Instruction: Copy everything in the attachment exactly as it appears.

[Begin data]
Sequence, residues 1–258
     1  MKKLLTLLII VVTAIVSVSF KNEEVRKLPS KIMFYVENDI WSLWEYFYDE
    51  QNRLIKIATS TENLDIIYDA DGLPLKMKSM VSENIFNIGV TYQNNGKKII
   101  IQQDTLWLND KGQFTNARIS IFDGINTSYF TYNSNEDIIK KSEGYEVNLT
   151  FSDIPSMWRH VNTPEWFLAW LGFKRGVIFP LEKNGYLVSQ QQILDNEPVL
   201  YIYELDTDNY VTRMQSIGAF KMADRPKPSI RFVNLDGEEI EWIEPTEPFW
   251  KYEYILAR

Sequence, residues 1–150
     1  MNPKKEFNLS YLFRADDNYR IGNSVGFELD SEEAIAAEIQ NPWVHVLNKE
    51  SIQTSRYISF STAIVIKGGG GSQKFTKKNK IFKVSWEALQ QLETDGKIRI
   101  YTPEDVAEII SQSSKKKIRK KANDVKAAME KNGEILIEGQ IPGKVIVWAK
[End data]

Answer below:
Sequence, residues 1–258
     1  MKKLLTLLII VVTAIVSVSF KNEEVRKLPS KIMFYVENDI WSLWEYFYDE
    51  QNRLIKIATS TENLDIIYDA DGLPLKMKSM VSENIFNIGV TYQNNGKKII
   101  IQQDTLWLND KGQFTNARIS IFDGINTSYF TYNSNEDIIK KSEGYEVNLT
   151  FSDIPSMWRH VNTPEWFLAW LGFKRGVIFP LEKNGYLVSQ QQILDNEPVL
   201  YIYELDTDNY VTRMQSIGAF KMADRPKPSI RFVNLDGEEI EWIEPTEPFW
   251  KYEYILAR

Sequence, residues 1–150
     1  MNPKKEFNLS YLFRADDNYR IGNSVGFELD SEEAIAAEIQ NPWVHVLNKE
    51  SIQTSRYISF STAIVIKGGG GSQKFTKKNK IFKVSWEALQ QLETDGKIRI
   101  YTPEDVAEII SQSSKKKIRK KANDVKAAME KNGEILIEGQ IPGKVIVWAK